How to Improve Your Oral Health

oral_healthThe Academy of General Dentistry (AGD), a professional association of more than 35,000 general dentists dedicated to staying up to date in the profession through continuing education, has compiled some easy-to-keep oral health tips that consumers can work into their everyday routines.

“Oral health means more than just an attractive smile,” says AGD spokesperson Raymond Martin, DDS, MAGD. “Poor oral health and untreated oral diseases and conditions can have a significant impact on quality of life. And, in many cases, the condition of the mouth mirrors the condition of the body as a whole.”

Tips:

  • Floss every day. It’s the single most important factor in preventing gum disease, which affects more than 50 percent of adults. Spend two to three minutes flossing at least once a day. Not flossing because it irritates your gums? The more often you floss, the tougher your gums will become.
  • Brush your teeth for at least two to three minutes twice daily. If you’re not sure whether you’re brushing long enough, simply brush for the length of an entire song on the radio.
  • Change your toothbrush or toothbrush head (if you’re using an electric toothbrush) before the bristles become splayed and frayed, or every three to four months. Not only are old toothbrushes ineffective, they may harbor harmful bacteria that can cause infections, such as gingivitis and gum disease.
  • Drink sugary beverages through a straw. This will minimize the amount of time that the sugars are in contact with your teeth, which can minimize the risk of developing cavities.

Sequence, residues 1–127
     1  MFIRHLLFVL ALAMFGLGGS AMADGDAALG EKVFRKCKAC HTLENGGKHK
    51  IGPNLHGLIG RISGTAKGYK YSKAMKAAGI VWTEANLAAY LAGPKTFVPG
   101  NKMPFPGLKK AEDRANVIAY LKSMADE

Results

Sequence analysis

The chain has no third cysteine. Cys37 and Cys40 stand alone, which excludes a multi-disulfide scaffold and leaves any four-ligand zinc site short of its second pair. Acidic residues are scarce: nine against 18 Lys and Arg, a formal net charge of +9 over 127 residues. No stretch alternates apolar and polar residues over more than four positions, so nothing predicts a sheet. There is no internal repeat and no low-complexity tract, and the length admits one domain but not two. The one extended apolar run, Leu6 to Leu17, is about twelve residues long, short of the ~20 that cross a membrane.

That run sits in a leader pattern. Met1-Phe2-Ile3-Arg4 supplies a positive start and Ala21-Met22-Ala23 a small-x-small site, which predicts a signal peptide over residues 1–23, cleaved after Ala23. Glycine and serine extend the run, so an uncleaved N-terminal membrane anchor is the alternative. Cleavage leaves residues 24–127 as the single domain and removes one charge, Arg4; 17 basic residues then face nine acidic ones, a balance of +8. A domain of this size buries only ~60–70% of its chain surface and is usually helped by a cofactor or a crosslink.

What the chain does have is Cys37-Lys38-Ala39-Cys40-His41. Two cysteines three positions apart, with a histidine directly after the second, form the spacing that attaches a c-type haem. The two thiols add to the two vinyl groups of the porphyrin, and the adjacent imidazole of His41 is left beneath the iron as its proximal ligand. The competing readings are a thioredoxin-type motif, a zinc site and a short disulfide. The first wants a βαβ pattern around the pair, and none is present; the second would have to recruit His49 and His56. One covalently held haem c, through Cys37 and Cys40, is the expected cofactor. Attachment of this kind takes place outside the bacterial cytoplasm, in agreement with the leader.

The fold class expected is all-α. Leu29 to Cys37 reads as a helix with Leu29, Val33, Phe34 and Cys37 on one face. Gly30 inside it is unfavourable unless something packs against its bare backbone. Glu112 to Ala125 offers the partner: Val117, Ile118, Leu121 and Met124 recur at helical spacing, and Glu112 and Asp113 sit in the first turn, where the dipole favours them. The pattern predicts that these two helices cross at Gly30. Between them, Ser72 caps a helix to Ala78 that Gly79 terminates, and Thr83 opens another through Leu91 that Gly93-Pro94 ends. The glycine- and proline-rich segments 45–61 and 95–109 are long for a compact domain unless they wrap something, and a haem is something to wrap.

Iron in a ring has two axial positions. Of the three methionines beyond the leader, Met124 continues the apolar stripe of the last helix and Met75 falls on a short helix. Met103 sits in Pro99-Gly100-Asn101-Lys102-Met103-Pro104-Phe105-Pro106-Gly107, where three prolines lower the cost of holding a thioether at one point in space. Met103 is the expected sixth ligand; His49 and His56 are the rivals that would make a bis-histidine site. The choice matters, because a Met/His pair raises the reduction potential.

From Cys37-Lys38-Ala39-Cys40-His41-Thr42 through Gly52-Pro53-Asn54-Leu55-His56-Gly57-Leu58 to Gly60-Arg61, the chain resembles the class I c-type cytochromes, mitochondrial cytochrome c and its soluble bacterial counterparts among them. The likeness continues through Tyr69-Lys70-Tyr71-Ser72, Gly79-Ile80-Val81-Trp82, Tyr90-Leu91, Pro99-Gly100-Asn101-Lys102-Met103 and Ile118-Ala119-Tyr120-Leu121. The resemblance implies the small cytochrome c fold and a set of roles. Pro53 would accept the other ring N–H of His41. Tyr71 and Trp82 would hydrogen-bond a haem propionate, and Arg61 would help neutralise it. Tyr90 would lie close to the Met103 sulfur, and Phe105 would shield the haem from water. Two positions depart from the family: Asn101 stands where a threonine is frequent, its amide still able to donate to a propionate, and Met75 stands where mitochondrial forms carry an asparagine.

• Replace carbonated beverages, which cause enamel erosion and cavities, with water, milk, tea, or coffee.
  • Chew sugarless gum that contains xylitol after meals and snacks. This will help cleanse your mouth and prevent the bacteria associated with cavities from attaching to your teeth. Even better, gum will increase your saliva production and reduce bad breath!
  • Wait one hour to brush your teeth after consuming highly acidic food or drinks, like wine, coffee, citrus fruits, and soft drinks. Otherwise, you run the risk of wearing away the enamel on your teeth.

“One last reminder to patients is that they should make an appointment to see their general dentist every six months,” adds Dr. Martin. “More than 90 percent of all systemic diseases have oral manifestations, meaning that your dentist could be the first health care provider to diagnose a health problem.”

Contact Dr. Ford’s office to make your appointment now.

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